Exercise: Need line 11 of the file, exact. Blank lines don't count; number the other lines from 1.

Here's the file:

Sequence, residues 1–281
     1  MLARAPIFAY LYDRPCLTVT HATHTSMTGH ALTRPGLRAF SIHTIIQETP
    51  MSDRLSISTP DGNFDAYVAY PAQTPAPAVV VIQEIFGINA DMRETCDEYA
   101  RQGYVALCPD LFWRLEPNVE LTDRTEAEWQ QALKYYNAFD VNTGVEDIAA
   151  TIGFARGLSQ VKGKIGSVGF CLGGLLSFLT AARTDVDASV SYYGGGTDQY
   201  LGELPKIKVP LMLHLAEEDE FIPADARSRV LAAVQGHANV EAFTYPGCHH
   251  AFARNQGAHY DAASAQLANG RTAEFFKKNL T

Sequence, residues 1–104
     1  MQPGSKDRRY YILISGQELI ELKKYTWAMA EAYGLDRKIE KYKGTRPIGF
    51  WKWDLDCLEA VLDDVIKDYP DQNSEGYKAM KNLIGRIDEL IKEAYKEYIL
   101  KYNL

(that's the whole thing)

   101  KYNL